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A Simple Thank You Will Do


Please. Thank you. While we’re adding LOL and OMG to the dictionary, please and thank you are in danger of being taken out. Why? Because nobody uses them anymore.

I’ll be the first to admit that common courtesy was never all that common. Even back in my day young people who said “please” and “thank you” and who were courteous were thought to be remarkable. It is even more remarkable now, when requests are expressed as demands and most of the population runs around acting as if they’re entitled to something. 

Being courteous is merely a matter of respecting the person you’re addressing. Unless you have reason not to, everyone should be treated with respect, particularly people you’re not well-acquainted with. The golden rule, treat others as you’d like yourself to be treated, seems to have fallen off the face of the Earth. These days, the prevailing attitude is treat everyone like crap because that’s all you can expect to be treated as.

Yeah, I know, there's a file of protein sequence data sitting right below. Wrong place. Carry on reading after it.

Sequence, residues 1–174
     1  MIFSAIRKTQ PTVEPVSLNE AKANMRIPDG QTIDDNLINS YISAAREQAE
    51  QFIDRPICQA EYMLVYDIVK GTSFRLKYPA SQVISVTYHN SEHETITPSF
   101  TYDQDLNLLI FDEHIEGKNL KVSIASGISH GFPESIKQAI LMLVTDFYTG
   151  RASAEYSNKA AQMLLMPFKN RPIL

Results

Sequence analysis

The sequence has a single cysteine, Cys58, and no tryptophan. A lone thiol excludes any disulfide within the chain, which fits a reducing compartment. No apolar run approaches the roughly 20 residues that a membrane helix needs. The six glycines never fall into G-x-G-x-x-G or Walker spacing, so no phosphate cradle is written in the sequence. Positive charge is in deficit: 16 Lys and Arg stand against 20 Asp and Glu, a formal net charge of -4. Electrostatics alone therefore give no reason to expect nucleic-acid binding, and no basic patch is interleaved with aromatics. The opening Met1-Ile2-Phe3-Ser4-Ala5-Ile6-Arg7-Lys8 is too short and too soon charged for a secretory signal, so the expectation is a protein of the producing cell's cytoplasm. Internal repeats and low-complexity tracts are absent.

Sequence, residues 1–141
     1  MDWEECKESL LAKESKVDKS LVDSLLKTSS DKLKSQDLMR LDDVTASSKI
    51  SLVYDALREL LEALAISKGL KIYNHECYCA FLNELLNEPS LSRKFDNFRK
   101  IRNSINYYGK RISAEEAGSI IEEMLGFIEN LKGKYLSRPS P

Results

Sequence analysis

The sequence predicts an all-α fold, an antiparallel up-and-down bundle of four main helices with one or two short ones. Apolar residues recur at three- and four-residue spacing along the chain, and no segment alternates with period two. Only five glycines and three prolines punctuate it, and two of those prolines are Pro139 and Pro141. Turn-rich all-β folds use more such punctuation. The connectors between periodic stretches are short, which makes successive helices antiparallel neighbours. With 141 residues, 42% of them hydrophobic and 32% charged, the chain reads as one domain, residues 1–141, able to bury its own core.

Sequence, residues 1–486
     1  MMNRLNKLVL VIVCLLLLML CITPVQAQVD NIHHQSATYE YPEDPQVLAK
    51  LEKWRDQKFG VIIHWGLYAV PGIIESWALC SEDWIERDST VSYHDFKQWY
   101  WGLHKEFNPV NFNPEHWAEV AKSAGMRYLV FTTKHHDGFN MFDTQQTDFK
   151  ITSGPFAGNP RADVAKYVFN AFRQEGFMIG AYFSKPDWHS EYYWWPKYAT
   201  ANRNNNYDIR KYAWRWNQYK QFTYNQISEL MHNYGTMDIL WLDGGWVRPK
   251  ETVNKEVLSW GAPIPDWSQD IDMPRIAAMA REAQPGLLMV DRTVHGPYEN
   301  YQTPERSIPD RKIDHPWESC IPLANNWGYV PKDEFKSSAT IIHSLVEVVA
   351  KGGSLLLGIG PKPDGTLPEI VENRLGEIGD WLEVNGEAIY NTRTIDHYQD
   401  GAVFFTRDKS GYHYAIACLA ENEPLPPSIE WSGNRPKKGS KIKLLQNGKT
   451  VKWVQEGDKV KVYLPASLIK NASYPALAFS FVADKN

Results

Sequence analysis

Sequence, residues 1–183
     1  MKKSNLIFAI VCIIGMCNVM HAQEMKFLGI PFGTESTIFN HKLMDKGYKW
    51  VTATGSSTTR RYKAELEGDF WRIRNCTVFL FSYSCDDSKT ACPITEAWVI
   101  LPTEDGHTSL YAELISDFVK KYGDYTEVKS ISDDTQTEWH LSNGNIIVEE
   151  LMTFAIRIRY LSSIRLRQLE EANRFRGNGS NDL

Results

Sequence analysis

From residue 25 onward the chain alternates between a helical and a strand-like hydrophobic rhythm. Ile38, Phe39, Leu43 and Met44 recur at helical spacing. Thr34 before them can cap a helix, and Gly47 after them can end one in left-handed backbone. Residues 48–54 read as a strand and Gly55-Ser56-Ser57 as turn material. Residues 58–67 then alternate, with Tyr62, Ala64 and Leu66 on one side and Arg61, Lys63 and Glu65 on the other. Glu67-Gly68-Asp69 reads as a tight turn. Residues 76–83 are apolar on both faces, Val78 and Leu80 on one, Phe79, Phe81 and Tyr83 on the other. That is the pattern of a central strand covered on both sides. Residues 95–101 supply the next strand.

I’m not sure what caused this turn of events, but it certainly seems to be the case. I wonder when the lowest common denominator became the social norm – this kind of behavior was associated with the worst elements of society back in the day. We seem to be disposed to make a minimal effort to be courteous.

Part of it is the advent of the web. We can say and do anything with the anonymity of screen names. We can engage in flame wars, spout off any outrageous attention-seeking remark, degrade, humiliate and wound at will all from the privacy of our own laptop. Rather than criticize constructively, we reduce our remarks to “that sucks” or “that’s so gay.” When pressed, often the critic can’t even tell you what sucks – it’s just easier (and more amusing) to tear down than to build up.